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New Well/Old Well

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posted on Mar, 18 2014 @ 07:21 AM
I have been walking past these chipped sandstone building blocks for years and years never paying much attention to them. They looked like another old, old structure from a long time ago.

A diseased Elm tree that fell in a windstorm showed the sandstone blocks had been put in a round pattern. So, like any good country boy that is curious, I started to dig.

Once I saw the limestone I knew what I had found an old well. At about 9 feet the water started to rise and fill the pool.

When this well was functional it was huge. The molded sandstone would fill the sides above ground and the limestone would line the inter part.

No need to boil this water and perhaps in a survival situation you come across blocked sandstone it might be hiding your salvation.

As to how old this well is all I can do is guess and that would be middle to late 19th century. Anytime water comes up, using limestone as a aquifer, that means you are at the top point of the water table-this well would never run dry no matter how much you took out because the pressure of the aquifer would force the water through and refill the pool. Some people call these artesian wells however that term was never used here. The limestone bottom(the aquifer) meets the water table and the result is a never ending supply of clean water-that the country folk called a 'rockwell'

posted on Mar, 18 2014 @ 07:29 AM
Wow , right on OP good info

Thank You! For sharing this

S+ F

posted on Mar, 18 2014 @ 07:32 AM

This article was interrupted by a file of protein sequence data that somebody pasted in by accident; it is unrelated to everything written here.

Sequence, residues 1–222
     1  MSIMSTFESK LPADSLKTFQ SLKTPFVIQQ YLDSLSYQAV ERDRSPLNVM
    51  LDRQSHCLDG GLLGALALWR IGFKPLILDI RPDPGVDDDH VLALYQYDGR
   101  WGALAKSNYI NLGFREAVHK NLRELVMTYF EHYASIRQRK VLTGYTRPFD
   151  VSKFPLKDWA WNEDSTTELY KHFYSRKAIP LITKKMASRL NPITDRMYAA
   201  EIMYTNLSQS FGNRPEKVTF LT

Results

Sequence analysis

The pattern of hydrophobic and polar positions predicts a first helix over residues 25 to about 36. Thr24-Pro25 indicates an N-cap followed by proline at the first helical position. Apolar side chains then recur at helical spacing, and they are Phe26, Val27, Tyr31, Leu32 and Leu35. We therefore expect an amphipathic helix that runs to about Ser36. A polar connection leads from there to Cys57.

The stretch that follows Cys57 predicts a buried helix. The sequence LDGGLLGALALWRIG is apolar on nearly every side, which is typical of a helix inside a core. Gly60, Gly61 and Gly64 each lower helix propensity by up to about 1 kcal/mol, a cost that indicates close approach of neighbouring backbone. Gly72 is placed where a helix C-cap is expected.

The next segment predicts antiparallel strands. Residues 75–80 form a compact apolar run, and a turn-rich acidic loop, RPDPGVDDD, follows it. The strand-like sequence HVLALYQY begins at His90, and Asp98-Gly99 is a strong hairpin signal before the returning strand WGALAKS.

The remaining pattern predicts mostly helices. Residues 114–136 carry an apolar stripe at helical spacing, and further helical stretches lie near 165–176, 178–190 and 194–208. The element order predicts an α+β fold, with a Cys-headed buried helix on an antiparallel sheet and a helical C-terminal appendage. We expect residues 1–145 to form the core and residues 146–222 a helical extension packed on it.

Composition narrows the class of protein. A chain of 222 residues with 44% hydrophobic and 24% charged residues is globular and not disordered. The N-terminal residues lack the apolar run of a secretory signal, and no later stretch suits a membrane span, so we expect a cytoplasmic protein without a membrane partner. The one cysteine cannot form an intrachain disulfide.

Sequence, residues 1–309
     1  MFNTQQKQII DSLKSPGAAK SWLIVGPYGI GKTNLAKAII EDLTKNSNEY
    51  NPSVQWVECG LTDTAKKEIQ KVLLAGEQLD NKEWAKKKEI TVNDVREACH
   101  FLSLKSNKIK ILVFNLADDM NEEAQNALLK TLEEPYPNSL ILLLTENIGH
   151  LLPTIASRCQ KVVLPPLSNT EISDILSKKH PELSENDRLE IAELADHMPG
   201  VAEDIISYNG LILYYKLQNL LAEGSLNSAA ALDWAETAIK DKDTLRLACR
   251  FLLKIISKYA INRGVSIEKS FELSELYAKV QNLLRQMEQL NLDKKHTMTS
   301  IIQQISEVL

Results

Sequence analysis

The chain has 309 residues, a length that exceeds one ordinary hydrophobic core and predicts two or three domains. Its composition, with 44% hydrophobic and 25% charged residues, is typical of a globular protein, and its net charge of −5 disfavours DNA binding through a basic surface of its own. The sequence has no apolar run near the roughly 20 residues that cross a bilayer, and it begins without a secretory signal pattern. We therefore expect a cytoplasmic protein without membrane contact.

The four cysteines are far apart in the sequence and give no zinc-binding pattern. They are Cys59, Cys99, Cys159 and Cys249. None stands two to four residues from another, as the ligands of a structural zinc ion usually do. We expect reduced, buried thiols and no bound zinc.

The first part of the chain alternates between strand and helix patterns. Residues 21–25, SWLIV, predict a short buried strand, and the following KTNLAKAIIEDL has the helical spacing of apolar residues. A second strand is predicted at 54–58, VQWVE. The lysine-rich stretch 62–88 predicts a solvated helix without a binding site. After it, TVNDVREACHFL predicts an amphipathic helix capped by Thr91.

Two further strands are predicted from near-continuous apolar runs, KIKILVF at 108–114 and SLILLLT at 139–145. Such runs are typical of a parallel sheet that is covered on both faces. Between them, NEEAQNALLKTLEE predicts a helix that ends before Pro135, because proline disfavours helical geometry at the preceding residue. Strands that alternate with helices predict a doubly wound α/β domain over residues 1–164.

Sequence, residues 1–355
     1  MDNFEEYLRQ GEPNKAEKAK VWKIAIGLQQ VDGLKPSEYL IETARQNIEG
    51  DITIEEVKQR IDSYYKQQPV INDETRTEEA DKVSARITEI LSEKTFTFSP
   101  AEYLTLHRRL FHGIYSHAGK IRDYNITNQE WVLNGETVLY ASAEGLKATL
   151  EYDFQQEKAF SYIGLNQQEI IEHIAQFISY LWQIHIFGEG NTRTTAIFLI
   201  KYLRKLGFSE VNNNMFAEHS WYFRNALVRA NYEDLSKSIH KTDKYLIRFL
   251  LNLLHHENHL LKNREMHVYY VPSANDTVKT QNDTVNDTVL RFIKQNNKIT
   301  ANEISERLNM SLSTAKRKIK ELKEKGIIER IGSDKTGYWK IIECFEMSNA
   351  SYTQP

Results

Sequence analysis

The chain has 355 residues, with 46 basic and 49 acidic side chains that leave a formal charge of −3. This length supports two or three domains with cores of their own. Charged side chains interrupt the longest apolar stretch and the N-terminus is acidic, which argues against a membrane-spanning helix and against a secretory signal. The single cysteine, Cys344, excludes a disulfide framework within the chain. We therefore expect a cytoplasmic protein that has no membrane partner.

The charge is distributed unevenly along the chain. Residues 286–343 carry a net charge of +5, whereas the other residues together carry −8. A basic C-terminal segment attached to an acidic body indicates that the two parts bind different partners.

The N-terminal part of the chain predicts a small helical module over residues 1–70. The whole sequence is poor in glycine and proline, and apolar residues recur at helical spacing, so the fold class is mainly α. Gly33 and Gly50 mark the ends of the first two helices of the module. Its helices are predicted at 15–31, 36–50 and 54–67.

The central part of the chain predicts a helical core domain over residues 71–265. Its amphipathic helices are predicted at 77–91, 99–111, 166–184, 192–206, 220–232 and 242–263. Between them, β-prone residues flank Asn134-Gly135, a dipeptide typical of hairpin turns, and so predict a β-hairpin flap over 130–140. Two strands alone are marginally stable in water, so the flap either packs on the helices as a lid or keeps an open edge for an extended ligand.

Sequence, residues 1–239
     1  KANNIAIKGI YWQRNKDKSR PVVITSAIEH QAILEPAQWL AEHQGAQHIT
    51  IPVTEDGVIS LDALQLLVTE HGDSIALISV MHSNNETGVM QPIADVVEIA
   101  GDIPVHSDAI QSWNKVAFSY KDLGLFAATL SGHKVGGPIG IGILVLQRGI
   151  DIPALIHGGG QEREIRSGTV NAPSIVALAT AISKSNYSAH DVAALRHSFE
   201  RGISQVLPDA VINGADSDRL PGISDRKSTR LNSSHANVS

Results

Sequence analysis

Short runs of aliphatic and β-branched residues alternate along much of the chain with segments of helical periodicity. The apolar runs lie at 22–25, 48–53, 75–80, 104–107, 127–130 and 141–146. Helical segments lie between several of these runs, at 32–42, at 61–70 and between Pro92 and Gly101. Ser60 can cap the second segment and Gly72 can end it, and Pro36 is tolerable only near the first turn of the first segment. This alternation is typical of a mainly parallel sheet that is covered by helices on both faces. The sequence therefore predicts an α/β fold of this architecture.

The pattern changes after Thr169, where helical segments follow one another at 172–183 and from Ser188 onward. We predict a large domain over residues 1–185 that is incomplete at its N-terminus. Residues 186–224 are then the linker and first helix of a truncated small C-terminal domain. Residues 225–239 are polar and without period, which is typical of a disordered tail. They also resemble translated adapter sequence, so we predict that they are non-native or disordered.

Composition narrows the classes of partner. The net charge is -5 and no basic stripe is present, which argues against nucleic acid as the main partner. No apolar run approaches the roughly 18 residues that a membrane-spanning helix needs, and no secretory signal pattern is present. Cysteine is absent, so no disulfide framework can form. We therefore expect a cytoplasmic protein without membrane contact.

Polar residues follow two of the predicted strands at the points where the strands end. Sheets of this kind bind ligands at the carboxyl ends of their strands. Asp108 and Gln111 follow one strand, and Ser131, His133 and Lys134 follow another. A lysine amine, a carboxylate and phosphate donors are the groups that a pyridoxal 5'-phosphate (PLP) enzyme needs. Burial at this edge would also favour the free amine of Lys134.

We had one, at the house I grew up in. It had some some kind of pressure pump on it, and when you lifted the handle, the water came out so fast. That water was like ice, you didn't even want to use it on 90F days, but it tasted so good!
Hubby and I are looking in to having our property water witched, to see if we can find one.

Is this on your property? Lucky find.

posted on Mar, 18 2014 @ 07:57 AM
reply to post by chiefsmom

Water Witched?
Is that with the divining rods? If so, please do a thread about the outcome. I would be curious to know how accurate that is, if at all.

posted on Mar, 18 2014 @ 09:23 AM
reply to post by network dude

Yep, with the rods. Actually, the fellow below used a forked wood, but I don't remember what kind he said.
We actually have a few people (Older) around our area, that are highly recommended. My step dad had his property done a few years ago and the guy was amazing.

It will be a few months yet, due to the weather here, but yes, a thread would be a good idea, maybe with video if I can get permission.
edit on 18-3-2014 by chiefsmom because: clarify

posted on Mar, 18 2014 @ 10:06 AM
reply to post by spooky24

Very nice find and presentation S & F.
Regarding the period this was used, I think American Indians is actually more likely. The combination of limestone, sandstone was found in the entire Mississippi River drainage lands. Alabama too.
Do you mind saying what State you live in?
Is a wider view pic possible to get the lay of the land?
Thank you

posted on Mar, 18 2014 @ 01:02 PM
Lower Appalachians Tennessee.

Water witchery's were common among the mountain folk except they were called seekers. It's based on science and the Earths magnetic field. The trick is to build up static electricity on a two handed rod and this was normally done by running them through your hair several times. Since water is much heavier than soil and undergrowth it produces a drag on the magnetic field that makes the pool react to the opposite pole of a Divining Rod-pulling it downward. Most seekers were women with long hair and they used the rods to wind and style their hair.

All in all they really weren't needed that much as any deciduous forest is going to have a findable water table. Finding one exactly where you want it is a different story.

posted on Mar, 18 2014 @ 01:51 PM
My parents had a douser come in to 'witch' a well site for them about 30 years ago.

He located a spot for them to drill and told them how much flow there was and how deep it was. He was right on the money with the depth at 400 feet. I don't recall the flow that he predicted, but as I remember, he was close on that.

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